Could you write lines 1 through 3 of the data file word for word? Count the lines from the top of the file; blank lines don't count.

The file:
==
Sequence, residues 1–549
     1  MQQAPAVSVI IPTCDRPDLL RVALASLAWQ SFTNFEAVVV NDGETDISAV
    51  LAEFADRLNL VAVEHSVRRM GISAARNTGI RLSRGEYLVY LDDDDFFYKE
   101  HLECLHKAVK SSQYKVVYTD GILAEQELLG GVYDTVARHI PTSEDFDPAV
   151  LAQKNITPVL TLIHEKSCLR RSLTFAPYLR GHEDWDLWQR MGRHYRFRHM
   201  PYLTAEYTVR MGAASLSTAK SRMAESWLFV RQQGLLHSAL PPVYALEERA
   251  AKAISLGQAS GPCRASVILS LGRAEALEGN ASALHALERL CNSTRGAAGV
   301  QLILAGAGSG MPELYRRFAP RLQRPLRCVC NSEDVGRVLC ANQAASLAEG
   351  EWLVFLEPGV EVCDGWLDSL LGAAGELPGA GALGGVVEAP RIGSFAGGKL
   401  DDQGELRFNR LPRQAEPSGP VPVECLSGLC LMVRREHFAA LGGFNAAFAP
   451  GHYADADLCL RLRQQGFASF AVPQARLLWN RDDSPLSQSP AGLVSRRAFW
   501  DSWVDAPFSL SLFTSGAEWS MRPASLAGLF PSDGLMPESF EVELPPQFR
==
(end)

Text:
Sequence, residues 1–549
     1  MQQAPAVSVI IPTCDRPDLL RVALASLAWQ SFTNFEAVVV NDGETDISAV
    51  LAEFADRLNL VAVEHSVRRM GISAARNTGI RLSRGEYLVY LDDDDFFYKE